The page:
Thursday, October 6, 2016

Miss Peregrine's Home for Peculiar Children by Ransom Riggs

While not the scariest book in the world, I felt it necessary to take a little time to review this book in light of the recent movie that came out. First rule of book-to-movie-adaptations: Don't expect Tim Burton to be all that faithful to the source material. That being said, I'm here to look at the book, not the movie so...let's do this thing.

This book is the story of Jacob Portman, a whiny rich kid from Florida who is traumatized by the shocking death of his grandfather by a horrible monster. Of course, nobody believes Jacob when he says he saw a monster, so he does a bit of research and finds the island where his grandfather used to live. When he goes there, he discovers that the fantastical children his grandfather used to tell him of in stories not only exist, but are still alive. Living in a time loop with their bird-lady matron, these special children stay hidden from the people of the world, and the terrifying monsters that want to eat them.

The gimmick for this book is a really good one. The story was written around antique photographs that the author collects and many of which are included in the story itself. Each peculiar child has their own special ability from controlling fire (it's EMMA that does this NOT OLIVE!!!), having prophetic dreams, even being a human beehive. While the existence of super, special X-men powers is not special, they're certainly interesting and creative. They add a lot to each character and having the visuals makes it easy to keep track of who is who and what they can do.

The story does take a little while to get started, but once it does it's pretty straight forward. The character of Miss Peregrine is actually really likable. She doesn't sugar-coat things and is very honest with Jacob, telling him how things are and welcoming him readily into the peculiar lifestyle. She's got a big job to do, both taking care of these kids and trying to protect them, but she'd got a great attitude and doesn't patronize the kids but treats them with respect. She's great to read about.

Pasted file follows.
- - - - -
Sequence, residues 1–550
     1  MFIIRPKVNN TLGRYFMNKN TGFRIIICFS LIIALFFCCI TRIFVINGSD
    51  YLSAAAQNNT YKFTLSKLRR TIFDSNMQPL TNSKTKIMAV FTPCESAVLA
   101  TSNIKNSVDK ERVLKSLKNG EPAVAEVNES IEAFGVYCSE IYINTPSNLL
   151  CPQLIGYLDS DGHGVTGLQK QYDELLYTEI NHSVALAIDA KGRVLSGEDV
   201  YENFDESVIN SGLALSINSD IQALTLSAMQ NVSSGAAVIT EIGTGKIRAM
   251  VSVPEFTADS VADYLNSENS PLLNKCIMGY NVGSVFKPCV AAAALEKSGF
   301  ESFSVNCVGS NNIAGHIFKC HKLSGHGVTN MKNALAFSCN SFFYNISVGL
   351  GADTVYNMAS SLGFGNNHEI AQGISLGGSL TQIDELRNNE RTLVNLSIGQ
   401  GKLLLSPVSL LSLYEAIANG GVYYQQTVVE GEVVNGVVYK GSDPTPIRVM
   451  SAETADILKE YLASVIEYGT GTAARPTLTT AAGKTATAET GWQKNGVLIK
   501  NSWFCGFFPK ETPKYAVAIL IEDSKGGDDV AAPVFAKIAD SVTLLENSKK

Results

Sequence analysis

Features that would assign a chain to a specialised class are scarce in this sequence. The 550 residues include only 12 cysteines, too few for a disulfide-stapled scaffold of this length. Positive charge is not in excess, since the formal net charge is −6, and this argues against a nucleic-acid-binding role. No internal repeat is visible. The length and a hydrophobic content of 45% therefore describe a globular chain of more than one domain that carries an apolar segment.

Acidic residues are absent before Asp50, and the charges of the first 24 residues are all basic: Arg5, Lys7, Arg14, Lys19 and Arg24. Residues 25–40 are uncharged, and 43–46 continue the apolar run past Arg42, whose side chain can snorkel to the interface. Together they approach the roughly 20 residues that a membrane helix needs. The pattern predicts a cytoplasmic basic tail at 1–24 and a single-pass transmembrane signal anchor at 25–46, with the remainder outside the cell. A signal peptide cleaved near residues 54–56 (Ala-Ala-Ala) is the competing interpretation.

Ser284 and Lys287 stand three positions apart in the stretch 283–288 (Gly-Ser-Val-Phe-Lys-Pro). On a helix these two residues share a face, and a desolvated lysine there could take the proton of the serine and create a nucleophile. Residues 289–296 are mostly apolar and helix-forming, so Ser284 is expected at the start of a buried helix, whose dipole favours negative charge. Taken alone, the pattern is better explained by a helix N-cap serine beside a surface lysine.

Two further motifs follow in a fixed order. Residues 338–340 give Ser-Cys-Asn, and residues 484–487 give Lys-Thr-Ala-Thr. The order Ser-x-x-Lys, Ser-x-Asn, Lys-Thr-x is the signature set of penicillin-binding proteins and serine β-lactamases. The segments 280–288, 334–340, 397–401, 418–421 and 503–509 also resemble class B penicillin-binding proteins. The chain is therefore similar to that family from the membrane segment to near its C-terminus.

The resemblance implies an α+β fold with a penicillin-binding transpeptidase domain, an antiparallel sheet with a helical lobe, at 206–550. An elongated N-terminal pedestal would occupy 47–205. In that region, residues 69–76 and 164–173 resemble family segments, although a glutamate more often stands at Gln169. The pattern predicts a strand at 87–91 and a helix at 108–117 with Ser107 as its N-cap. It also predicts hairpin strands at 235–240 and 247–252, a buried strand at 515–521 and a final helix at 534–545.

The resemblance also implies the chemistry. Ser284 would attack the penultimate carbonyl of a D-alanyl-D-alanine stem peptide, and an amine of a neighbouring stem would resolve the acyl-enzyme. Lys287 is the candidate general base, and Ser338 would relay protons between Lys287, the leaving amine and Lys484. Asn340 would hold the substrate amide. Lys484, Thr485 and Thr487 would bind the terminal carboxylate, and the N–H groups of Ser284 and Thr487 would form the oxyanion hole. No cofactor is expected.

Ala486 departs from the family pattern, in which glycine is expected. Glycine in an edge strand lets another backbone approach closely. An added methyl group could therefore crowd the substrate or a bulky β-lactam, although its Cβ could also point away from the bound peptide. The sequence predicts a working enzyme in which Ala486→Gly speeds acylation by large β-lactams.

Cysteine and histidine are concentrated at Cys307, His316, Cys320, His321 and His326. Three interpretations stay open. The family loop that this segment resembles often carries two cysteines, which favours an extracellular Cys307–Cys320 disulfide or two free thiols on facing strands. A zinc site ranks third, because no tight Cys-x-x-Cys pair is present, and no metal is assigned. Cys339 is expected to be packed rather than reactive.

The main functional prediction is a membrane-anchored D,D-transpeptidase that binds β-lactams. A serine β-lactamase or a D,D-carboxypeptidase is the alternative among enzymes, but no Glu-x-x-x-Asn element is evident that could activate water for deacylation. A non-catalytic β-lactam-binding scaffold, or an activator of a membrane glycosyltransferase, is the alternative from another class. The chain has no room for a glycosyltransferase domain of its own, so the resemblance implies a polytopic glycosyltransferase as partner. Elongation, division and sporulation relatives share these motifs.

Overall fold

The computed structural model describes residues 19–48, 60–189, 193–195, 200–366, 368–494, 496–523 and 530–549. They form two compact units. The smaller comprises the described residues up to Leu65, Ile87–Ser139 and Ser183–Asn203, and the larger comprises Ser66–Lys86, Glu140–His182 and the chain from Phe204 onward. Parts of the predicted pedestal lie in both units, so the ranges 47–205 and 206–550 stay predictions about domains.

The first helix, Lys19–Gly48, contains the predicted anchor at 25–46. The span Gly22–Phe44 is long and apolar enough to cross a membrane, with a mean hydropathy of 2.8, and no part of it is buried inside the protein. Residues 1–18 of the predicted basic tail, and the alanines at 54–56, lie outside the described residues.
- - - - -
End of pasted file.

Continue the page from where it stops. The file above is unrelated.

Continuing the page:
While the peculiar kids, Jacob, and Miss Peregrine are the heart and soul of the story, the rest of the cast, I have to admit, kinda fall flat. The other inhabitants are the island vary from stereotypical to just not very interesting. Jacob's parents are particularly annoying. While you do sympathize with them in a "what would you do if your kid suddenly started talking about monsters and kids with X-men powers?" kinda way, they are either unhelpful or just downright annoying. I just think the parents, Dad in particular, would have been much cooler if they woke up to the truth of the situation instead of just being in the way. A lot of books have parents like this and it's a cliche that I kinda wish would be dropped. Parents can be cool too, y'know!

Final Verdict
Not new, but definitely fun. Creative, edgy, interesting, a ghoulish black and white photos make this book a great time. For me, this book is definitely worth your money at your local bookstore.

Have you read the book? What did you think? How'd you think it compared to the movie? If you haven't read the book, do you want to now? Comment below and tell me what you think!

Next time: ...and they all lived happily ever after...though they probably shouldn't have.

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